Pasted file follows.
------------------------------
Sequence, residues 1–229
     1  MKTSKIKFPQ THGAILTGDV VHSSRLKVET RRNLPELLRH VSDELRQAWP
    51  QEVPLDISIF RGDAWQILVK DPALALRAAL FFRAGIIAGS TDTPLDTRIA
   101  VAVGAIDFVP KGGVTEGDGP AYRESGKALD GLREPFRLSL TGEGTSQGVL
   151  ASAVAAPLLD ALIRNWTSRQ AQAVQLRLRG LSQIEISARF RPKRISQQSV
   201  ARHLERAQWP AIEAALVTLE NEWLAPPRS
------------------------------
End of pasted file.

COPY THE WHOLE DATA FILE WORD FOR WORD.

Sequence, residues 1–229
     1  MKTSKIKFPQ THGAILTGDV VHSSRLKVET RRNLPELLRH VSDELRQAWP
    51  QEVPLDISIF RGDAWQILVK DPALALRAAL FFRAGIIAGS TDTPLDTRIA
   101  VAVGAIDFVP KGGVTEGDGP AYRESGKALD GLREPFRLSL TGEGTSQGVL
   151  ASAVAAPLLD ALIRNWTSRQ AQAVQLRLRG LSQIEISARF RPKRISQQSV
   201  ARHLERAQWP AIEAALVTLE NEWLAPPRS